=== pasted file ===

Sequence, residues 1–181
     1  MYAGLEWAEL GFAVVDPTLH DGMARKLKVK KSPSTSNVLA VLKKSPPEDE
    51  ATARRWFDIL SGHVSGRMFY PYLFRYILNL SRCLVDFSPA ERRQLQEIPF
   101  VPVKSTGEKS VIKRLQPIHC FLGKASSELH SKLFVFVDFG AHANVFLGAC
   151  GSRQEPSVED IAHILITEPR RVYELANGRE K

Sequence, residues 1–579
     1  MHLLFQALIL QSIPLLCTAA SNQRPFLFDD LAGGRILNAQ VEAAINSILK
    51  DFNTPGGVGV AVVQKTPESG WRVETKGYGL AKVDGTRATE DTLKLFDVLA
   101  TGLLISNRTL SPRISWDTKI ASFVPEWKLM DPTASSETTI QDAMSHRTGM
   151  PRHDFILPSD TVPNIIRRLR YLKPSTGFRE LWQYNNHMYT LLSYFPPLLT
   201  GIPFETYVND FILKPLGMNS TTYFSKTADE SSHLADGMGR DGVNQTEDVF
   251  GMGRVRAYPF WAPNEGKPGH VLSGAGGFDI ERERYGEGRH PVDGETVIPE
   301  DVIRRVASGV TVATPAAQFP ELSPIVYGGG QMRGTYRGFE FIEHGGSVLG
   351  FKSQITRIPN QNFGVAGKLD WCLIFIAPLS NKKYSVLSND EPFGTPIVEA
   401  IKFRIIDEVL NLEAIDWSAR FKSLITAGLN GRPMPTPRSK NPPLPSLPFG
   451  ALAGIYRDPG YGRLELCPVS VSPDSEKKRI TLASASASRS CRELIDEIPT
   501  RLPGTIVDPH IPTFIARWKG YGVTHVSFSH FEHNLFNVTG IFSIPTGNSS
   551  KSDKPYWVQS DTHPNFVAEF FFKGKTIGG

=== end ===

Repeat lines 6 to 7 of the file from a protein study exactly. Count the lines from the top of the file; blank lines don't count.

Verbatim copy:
Sequence, residues 1–579
     1  MHLLFQALIL QSIPLLCTAA SNQRPFLFDD LAGGRILNAQ VEAAINSILK